Janie, still at the bottom of the stairs, tapped the interrogator’s shoulders. “Well, I reckon Dani’s right you did free us. I still don’t know why, though. Ain’t nothin’ in this for you, and neither of us would’ve made it out if you hadn’t decided to do the jailbreak.” A tear welled in her eye, then ran down her cheek. “You think you could get Brett out? Get him to Britain with us?”
The interrogator swallowed. “I liked Brett better than you. The only reason you’re here and he’s not is because you had the know how to get out. He didn’t.”
Janie’s expression softened. “So he’s not getting out, is he? They’re going to kill him, aren’t they?”
“Just get on the plane,” the interrogator ordered. “I gave you what I could. Be thankful for that instead.”
Janie’s face turned into a scowl. “Don’t expect thanks from me. You don’t get credit for solving problems I know you helped make in the first place.” She turned to the plane, entered the door, and walked with Dani into the back.
The engines got a little lowder, and Rebecca looked at her watch. “This is your last chance, you know,” she said. “Regulations gave us a tiny window to takeoff, so I can’t hold the plane any longer.”
“I know,” the interrogator said. She shook Crowe’s hand. “You just prepare your bank account for that billion dollar annuity, ok?”
Crowe bit her lip and wrung her hand from the interrogator’s grasp. She hustled up a couple steps and into the plane. Tarmac workers pushed the staircase away from the door, but Crowe turned to look back. “You’ve been a real sport with this, you know – so I thought it only fair to tell you not to try too hard with the blackmail, ok?”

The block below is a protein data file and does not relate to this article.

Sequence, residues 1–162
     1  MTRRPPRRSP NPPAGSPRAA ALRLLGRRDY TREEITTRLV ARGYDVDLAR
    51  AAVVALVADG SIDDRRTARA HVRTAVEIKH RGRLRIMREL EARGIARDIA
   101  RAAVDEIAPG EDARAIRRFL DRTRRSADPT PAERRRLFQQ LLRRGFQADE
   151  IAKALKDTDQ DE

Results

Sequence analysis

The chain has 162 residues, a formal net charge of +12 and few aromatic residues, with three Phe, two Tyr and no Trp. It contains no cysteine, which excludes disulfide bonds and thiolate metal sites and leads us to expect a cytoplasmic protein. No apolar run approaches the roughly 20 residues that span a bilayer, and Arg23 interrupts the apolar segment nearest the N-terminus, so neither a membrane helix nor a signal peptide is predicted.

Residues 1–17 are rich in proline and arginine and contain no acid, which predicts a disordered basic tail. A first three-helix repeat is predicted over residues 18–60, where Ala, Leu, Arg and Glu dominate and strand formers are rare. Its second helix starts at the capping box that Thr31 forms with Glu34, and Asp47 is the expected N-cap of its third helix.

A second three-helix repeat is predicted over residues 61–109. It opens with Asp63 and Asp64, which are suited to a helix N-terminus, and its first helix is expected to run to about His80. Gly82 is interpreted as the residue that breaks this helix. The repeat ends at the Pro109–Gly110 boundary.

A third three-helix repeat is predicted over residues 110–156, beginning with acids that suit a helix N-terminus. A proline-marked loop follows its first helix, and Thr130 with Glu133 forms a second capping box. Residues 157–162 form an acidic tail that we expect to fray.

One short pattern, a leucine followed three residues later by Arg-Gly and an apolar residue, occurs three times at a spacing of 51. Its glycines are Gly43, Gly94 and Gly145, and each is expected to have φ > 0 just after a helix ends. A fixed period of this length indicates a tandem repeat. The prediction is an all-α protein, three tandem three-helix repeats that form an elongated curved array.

The interrogator’s hair rustled in the engines’ wind. “What? Why?”
“Look, the timing of this flight isn’t an accident.” Crowe bit her lip, then sighed, though the sound was lost behind the roar of the engines. “What’s the point of an annuity that big? Easier for your agents to just come in and kill everyone involved. No, I took the lump sum from the BBC and Al Jazeera. We’ll be flying toward Asia, and when this plane’s out of range of the American missile defense system, that interview airs worldwide.”
The interrogator rushed to the plane. “What!? That wasn’t the deal!” She jumped, her fingers finding hold on the bottom of the plane door.
Rebecca closed the door a bit, clamping it on the interrogator’s fingers and forcing her to let go. “You could have come with us – but dear, what did you expect? The existence of that video made me, you, and everyone on this plane and in this building a liability. Your crazy government thought it was acceptable to abduct thousands of people in order to keep this under wraps – they’re willing to do anything.”
“You’ll start a war! A war no one can win!”
She opened the door slightly to yell out, “This war was started as soon as your crazy scientists made your chimera. Whether I broke the story or someone else did, it was destined to happen. Now I suggest you back up – this plane’s going to take off, and it won’t care if you’re in the way or not.”
Rebecca Crowe slammed the door to the plane shut.
The interrogator, holding her bleeding fingers, looked longingly at the revving engines, felt the air being sucked into the jets, the heat from the burning fuel. She ran out of the line of fire to where a man with lamps waved the pilot to a safe takeoff. She put a bleeding hand up to the place on her arm where a needlestick drive sat under her skin, irritating and raw.